Reading news in BLAM!

BLAM! facts

Author: Mikael Hallendal
Download: Imendio's web site
Development: open source, in GNOME CVS.

Music with Muine

Jorn Baayen, Muine's author, is making writing music players somewhat of a serial occupation. Muine is his third player and eschews the iTunes-like nature of Rhythmbox, his previous creation, in favor of a playlist-oriented interface.

Muine is simple to use and looks gorgeous. It uses a smart matching algorithm to retrieve CD cover art from Amazon, showing off Mono's web services APIs.

Because decoding audio itself isn't a simple process, there aren't any all-Mono ways of doing this yet. Instead, Muine uses the "p-invoke" facility of Mono to hook into the C-based multimedia library libxine. Calling C code from Mono doesn't require any supplemental C coding, unlike most other languages such as Perl or Python.

Choosing an album

Music playing

Muine facts

Author: Jorn Baayen
Download: Muine home page
Development: open source, in GNOME CVS. Mailing list

F-Spot for Photos

One of the things that Linux lacks is a convenient photo management program, and F-Spot looks set to fill this gap. Its development is sponsored by the Ximian division of Novell, which now has a full-time developer working on it.

F-Spot imports all your photos into a single repository. The categorisation into collections can then be done by tagging the photographs, or you can simply use the date slider to select them by date. Tags are indicated by small icons that appear on the thumbnails. There's a handy export function that can save a collection of pictures to the popular Gallery web application.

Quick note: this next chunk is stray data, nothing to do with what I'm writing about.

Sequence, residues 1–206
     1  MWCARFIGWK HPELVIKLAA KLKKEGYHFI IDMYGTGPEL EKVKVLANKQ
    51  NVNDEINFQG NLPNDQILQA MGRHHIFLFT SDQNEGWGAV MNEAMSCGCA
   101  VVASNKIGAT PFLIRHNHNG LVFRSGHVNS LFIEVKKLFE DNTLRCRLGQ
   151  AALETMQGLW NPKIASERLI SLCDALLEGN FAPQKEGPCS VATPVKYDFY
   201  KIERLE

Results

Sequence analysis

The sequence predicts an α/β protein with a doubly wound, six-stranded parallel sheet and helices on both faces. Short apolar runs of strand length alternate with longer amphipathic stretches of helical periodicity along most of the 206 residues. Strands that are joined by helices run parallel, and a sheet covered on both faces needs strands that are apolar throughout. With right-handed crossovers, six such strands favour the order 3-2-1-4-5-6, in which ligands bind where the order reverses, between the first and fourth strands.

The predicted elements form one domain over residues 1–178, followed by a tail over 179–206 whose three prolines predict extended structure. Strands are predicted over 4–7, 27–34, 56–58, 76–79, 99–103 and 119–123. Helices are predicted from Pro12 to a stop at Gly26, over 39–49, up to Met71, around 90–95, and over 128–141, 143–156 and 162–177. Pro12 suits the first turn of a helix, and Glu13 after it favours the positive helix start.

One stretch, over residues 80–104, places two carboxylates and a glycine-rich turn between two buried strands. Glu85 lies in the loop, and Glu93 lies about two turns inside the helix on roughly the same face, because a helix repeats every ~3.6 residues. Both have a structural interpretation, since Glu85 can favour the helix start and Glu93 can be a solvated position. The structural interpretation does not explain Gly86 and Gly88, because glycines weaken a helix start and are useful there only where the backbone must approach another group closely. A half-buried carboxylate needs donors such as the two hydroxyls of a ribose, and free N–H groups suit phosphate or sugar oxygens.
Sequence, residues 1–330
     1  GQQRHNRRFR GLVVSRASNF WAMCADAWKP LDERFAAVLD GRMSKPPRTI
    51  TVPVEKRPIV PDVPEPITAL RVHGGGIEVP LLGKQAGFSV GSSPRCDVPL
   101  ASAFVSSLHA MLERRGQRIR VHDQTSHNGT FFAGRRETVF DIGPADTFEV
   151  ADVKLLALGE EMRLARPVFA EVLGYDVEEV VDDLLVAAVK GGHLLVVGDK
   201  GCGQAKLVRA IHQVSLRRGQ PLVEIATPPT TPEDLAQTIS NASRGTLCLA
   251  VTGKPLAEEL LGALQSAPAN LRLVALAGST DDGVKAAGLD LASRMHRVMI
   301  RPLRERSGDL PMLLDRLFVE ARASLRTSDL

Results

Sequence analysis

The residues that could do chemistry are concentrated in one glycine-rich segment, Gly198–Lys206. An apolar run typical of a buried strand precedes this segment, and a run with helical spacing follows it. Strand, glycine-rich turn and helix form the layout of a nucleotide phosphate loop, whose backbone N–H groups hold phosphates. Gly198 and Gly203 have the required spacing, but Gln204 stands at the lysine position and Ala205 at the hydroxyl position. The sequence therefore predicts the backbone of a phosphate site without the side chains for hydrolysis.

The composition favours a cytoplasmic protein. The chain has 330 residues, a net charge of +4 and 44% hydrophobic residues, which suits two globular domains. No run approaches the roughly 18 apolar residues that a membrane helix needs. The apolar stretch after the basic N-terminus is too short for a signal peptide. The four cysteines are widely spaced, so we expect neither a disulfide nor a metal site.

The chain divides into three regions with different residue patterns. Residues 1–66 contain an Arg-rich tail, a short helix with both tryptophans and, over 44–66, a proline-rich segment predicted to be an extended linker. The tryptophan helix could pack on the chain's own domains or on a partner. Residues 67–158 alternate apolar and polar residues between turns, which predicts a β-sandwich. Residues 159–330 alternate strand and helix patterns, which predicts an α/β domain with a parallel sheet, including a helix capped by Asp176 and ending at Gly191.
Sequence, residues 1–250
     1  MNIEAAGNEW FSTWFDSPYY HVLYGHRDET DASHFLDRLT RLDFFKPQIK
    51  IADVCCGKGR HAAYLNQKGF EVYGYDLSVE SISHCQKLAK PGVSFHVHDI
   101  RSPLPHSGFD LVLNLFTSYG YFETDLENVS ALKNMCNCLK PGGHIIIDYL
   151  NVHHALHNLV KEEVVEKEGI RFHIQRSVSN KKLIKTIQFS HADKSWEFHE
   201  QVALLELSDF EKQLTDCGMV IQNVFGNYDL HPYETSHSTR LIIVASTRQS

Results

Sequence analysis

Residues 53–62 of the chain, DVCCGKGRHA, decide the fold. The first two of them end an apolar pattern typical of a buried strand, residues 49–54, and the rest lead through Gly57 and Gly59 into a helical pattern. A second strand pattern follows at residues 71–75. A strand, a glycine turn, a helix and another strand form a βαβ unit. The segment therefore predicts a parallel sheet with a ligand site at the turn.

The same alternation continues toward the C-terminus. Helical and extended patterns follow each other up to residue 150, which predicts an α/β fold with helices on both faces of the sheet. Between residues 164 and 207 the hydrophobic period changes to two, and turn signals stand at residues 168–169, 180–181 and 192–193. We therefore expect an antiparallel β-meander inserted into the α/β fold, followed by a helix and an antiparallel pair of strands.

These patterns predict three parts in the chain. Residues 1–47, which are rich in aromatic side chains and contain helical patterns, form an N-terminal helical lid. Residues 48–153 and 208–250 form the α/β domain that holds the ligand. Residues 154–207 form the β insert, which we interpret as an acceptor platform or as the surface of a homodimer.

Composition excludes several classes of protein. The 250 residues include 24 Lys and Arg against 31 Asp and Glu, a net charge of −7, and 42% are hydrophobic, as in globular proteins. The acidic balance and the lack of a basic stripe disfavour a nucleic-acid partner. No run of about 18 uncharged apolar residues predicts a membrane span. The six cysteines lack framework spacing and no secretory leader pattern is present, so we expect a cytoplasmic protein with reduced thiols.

While maintaining an easy-to-use interface, F-Spot plans to support basic image editing operations, as well as printing and slideshows. There's a very handy preview popup that can be summoned when you mouse-over a thumbnail, saving you having to open a full image to get a better idea of what it contains.

Main window

Captioning an image

Pop-up preview

F-Spot facts

Author:Larry Ewing, Ettore Perazzoli
Download: F-Spot homepage
Development: open source, in GNOME CVS. Mailing list

Instant Collaboration with iFolder 3

The third version of iFolder brings an existing Novell product cross-platform by using Mono. iFolder is a simple solution to sharing files and folders. It works in either a simple peer-to-peer fashion or by using Novell's groupware server products. Although Novell are developing the iFolder client specifically to support their server product, they have open-sourced it and include a way of using it that doesn't require the server software.

The iFolder 3 client is currently under quite aggressive development, heading for a finished release at the end of this year to accompany Novell's server product. To share a folder, you simply nominate a folder on your computer as an iFolder, then send invitations to other people to access it. Once they've "subscribed" to your iFolder, a copy apears on their machine and is automatically kept in sync with the original.